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Facebook and the Stewardship of Trust

By Glynn Young, APR, Fellow PRSA, Co-Chair, Communications, PRSA St. Louis  

We all knew, deep down, that Facebook was not so much a social media company as it was a data collection and sales company. We knew that we weren’t really getting all those posts and videos and quizzes and grumpy cat photos and puppy videos for free. We probably knew that every like and love and emoji was being collected. We suspected something was up when we would look at a book on Amazon, and the next time we opened Facebook, there was the book as an ad or promoted post. 

The fact that Facebook sold our data was not a surprise. What was a surprise was that a buyer of that data resold it, or packaging it up and using it to try to influence us and influence elections. A different form of this had happened in the 2012 election, but it was an app you downloaded (and gave your Facebook information away to, whether or not you read the fine print). 

Since the 2016 election, Facebook has been experiencing few days of peace. It’s gone through Russians buying ads, fake news proliferation, and fake Facebook groups and accounts. And now it’s the sale of user data and even the saving of extensive records of calls and texts on Android phones. Pack journalism loves this kind of ongoing blood in the water, and the media coverage has been relentless. 

PRSA National Chair Anthony D’Angelo, watching Facebook’s initial and ongoing stumbles, was prompted to publish a letter with common-sense suggestions on how to deal with a crisis like this. It’s become almost painful to watch – a train wreck at social media speed. 

Ethan Zuckerman rightfully pointed out that this problem of selling data and privacy is bigger than Facebook. Google, Amazon, and others use your data as well. Doc Searls believes the problem is an iceberg, with only Facebook showing above the water line at the moment. What’s below the water line? Would you believe The New York Times and every other online publisher that sells ads?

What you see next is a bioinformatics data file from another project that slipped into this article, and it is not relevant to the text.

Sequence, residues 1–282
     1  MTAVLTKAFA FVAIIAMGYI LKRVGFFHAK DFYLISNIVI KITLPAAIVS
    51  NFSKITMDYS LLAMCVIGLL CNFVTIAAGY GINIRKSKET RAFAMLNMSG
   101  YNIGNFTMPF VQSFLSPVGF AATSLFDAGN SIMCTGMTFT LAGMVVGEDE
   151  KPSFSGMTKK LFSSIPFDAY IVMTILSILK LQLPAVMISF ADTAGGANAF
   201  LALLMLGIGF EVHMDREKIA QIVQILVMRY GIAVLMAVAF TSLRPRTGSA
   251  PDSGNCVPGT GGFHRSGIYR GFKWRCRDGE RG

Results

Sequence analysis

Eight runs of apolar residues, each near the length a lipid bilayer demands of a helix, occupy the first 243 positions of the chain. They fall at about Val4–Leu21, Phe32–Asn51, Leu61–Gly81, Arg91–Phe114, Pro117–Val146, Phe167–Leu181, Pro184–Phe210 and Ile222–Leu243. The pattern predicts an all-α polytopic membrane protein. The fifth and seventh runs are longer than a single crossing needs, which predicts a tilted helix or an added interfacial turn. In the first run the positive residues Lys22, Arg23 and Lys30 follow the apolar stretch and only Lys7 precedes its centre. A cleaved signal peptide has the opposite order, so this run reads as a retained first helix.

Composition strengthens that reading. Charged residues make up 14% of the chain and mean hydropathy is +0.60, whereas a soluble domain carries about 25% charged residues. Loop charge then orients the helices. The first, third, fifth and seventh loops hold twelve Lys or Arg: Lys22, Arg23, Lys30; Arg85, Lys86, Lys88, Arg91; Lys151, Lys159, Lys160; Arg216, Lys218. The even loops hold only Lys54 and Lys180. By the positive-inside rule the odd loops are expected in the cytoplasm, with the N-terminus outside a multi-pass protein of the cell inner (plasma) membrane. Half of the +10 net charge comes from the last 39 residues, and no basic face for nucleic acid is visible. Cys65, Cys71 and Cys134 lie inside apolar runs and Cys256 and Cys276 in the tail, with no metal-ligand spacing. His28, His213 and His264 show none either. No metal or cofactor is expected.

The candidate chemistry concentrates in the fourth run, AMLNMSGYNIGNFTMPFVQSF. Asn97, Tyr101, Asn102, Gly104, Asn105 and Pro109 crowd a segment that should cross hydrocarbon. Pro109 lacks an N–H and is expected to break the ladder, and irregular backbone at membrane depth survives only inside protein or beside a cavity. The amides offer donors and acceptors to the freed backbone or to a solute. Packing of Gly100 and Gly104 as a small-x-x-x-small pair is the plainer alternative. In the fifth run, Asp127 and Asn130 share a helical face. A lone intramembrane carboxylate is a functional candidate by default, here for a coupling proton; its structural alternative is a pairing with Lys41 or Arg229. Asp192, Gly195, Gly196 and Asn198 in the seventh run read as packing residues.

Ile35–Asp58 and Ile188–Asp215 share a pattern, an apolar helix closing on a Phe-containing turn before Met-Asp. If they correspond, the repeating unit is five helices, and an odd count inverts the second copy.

Digital technology makes this kind of data collection easy. Our resistance to paying for anything, or very little, online provides the necessity for the business model. Of course, how much of what we see on Facebook would we really want to pay for? 

As PRSA’s D’Angelo suggests, trust has been blown here. It’s Facebook’s problem today, but it’s the entire digital industry’s problem tomorrow. We have a PRSA Code of Ethics to follow, and one of its intent’s is “To build trust with the public by revealing all information needed for responsible decision making.” To me, that says we must go well beyond dense six-point type written by lawyers that goes on for page after page after page. 

But the responsibility also goes well beyond digital advertisers and data collectors. We’re all digital citizens now, and we have rights and we have responsibilities. That includes managing our own data, being smart (and stingy) about whom we share it with, and keeping a watchful eye on how it’s used. Read the PRSA Code of Ethics. Check your settings for Apps and Ads on your social media pages. Delete and restrict as appropriate. Be a good steward of your data and the people you work with and for.

Photograph by Alexander Hafemann via Unsplash. Used with permission.

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